Training and nutrition tend to be considered the foundations of an athletic lifestyle, but a third component is often forgotten: adequate and good sleep. It plays a particularly important role for athletes, because much of the growth and regeneration processes as well as the processing of training stimuli occur during sleep. We may not notice it at all, but during sleep, many of the systems in our body run on full speed.
Sleep is also of utmost importance for mental recovery. What we have learned and experienced during the day is selected, deleted, or stored; conflicts and nagging questions are processed. For physical relaxation and mental hygiene to occur really efficiently, three sleep factors play a major role: regularity, duration, and quality of sleep. The closer they come to optimal performance, the better – not to say more effective – our sleep is.
In this series we want to review a few basic facts about sleep, how it may affect your performance, and how you can change these factors to achieve optimal sleep. Regularity is the first factor.
What the "internal clock" is really all about
We receive the signal to fall asleep or of being tired through a change in hormone levels and falling body temperature. These in turn depend on fine oscillations of our cells, colloquially called the “internal clock”. This clock determines many cycles and processes in the course of our lives and is not only genetically programmed, but also in many areas synchronized with so-called “zeitgebers” from our environment. The term “Zeitgeber” is german and means “time giver” or “timer” Our sleep/wake rhythm is one of the most famous examples of such synchronization: To a certain extent, the oscillations determining the sleep/wake cycle take their cues from the changes in darkness and daylight.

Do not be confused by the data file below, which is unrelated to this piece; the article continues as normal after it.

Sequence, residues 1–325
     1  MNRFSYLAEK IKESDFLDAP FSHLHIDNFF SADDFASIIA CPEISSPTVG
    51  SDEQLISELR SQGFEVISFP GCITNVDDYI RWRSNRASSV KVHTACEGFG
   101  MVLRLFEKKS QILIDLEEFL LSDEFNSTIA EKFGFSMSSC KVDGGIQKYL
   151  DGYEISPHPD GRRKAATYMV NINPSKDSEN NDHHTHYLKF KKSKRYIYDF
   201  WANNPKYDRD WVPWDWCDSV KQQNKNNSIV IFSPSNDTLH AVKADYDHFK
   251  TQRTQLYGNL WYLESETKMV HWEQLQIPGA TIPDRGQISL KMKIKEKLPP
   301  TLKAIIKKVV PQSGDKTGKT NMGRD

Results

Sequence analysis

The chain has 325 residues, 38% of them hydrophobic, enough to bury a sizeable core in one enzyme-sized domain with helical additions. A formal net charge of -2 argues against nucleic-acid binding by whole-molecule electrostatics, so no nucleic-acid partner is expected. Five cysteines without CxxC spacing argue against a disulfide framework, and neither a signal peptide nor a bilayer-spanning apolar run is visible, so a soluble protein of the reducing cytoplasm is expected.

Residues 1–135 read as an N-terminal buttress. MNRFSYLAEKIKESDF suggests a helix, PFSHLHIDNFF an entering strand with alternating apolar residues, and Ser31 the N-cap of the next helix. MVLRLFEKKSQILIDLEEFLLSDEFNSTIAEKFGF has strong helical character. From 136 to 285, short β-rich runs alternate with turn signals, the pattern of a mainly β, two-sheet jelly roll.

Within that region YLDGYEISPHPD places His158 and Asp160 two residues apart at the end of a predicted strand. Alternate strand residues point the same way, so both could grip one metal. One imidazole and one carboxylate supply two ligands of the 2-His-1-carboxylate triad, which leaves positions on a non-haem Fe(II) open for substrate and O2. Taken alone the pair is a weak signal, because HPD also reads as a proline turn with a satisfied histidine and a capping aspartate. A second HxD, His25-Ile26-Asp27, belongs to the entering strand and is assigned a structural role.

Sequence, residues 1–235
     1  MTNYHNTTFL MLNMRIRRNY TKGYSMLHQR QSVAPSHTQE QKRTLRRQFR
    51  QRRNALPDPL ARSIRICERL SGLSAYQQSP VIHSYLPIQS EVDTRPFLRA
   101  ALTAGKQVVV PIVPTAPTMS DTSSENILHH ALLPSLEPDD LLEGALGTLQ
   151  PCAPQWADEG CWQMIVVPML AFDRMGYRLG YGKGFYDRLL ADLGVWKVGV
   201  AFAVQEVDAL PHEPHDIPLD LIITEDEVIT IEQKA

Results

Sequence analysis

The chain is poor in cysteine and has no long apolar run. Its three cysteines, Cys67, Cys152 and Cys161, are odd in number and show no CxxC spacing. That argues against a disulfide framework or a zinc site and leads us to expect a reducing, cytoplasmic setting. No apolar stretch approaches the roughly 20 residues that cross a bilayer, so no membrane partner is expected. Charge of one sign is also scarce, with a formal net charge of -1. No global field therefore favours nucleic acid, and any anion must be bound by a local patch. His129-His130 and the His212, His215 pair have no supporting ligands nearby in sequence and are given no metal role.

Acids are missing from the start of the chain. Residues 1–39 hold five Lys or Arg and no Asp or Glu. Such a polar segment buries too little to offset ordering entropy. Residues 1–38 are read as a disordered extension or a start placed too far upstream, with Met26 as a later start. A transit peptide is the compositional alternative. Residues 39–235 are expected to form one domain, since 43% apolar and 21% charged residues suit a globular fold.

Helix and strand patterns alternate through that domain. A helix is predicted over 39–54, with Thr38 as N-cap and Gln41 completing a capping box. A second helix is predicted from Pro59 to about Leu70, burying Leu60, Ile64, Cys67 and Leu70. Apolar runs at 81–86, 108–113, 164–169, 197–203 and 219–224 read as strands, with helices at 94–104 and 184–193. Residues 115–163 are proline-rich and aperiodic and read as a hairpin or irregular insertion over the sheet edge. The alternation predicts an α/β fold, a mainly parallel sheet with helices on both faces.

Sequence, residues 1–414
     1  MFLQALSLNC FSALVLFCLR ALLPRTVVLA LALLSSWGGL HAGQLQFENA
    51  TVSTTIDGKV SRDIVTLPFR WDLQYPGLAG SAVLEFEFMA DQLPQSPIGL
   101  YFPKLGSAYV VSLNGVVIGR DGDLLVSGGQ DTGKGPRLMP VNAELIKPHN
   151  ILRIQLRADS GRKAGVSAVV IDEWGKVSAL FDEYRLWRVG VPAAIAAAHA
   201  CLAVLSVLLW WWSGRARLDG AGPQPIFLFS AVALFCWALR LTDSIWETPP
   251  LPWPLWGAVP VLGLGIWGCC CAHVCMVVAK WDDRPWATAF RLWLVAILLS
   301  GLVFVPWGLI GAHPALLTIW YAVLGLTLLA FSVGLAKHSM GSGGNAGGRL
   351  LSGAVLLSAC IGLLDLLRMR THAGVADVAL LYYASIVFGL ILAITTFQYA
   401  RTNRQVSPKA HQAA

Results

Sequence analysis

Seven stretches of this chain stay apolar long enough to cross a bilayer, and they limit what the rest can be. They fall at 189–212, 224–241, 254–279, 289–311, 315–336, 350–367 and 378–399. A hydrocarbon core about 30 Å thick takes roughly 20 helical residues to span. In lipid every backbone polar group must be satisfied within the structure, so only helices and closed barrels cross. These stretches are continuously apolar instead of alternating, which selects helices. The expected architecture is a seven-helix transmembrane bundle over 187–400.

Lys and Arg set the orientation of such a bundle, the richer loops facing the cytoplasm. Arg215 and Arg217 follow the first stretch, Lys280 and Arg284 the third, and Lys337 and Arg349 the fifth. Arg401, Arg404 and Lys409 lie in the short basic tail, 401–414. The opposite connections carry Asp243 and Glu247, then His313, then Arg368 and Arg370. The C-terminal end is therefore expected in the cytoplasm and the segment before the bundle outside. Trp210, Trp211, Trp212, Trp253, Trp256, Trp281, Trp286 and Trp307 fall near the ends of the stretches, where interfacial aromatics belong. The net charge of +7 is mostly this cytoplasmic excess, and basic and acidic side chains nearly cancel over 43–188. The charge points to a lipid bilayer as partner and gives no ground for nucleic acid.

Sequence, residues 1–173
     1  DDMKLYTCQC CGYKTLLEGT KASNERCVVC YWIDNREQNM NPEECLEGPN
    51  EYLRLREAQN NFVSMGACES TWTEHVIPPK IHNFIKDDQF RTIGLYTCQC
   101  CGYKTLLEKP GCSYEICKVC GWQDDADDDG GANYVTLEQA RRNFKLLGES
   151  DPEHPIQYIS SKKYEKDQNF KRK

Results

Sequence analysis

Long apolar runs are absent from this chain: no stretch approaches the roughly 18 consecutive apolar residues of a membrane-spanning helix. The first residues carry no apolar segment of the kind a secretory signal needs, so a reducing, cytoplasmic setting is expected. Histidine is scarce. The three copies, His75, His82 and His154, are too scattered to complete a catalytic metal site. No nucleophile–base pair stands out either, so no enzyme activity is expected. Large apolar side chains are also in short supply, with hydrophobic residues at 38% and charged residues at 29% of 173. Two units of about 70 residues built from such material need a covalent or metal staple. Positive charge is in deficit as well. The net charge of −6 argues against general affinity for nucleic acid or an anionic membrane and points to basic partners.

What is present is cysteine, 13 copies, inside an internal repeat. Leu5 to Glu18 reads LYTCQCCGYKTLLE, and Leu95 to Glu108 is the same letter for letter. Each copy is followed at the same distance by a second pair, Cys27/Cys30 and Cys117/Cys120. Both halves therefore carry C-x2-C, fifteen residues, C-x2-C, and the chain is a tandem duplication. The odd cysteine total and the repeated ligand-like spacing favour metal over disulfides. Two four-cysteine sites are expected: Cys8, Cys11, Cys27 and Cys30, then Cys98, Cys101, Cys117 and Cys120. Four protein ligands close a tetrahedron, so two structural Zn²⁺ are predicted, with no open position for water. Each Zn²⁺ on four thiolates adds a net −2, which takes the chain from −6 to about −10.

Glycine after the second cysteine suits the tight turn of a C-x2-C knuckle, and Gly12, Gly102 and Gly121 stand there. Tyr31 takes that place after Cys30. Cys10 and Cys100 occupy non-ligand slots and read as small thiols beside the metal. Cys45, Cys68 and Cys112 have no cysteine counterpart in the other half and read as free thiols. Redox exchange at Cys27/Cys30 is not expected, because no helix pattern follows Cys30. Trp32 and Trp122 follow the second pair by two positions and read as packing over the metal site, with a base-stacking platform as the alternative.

In turn, this so-called circadian rhythm determines – among other things – when certain hormones are secreted, including those that at first sight are not directly related to our sleep rhythm, such as sexual and metabolic hormones. The more closely we follow our circadian rhythm, the better we are able to maintain our hormonal balance and our well-being.
What happens when the internal clock loses its balance?
A disturbance of our sleep rhythm – for example due to extreme artificial shifts – has a serious impact on other systems and can manifest itself in difficulties concentrating, increased fatigue, and decreased performance, as well as in many other symptoms. In addition, training stimuli and nutrients are processed less efficiently. If despite optimal nutrition and sophisticated training, progress stagnates or is not apparent, the reason may be found in poor sleep patterns.
Few people can go to bed and rise exactly at the same time (to the minute) on a daily basis. This is not strictly necessary. Doing so would affect other areas of life, such as our professional or social activities. The objective should be to try to keep sleeping hours within a certain time frame for the most part and avoiding larger or persistent swings over a longer period. A more regular bedtime and rising time promotes harmony in body functions. The body already knows which systems at what time and in which direction must be activated – also during the day.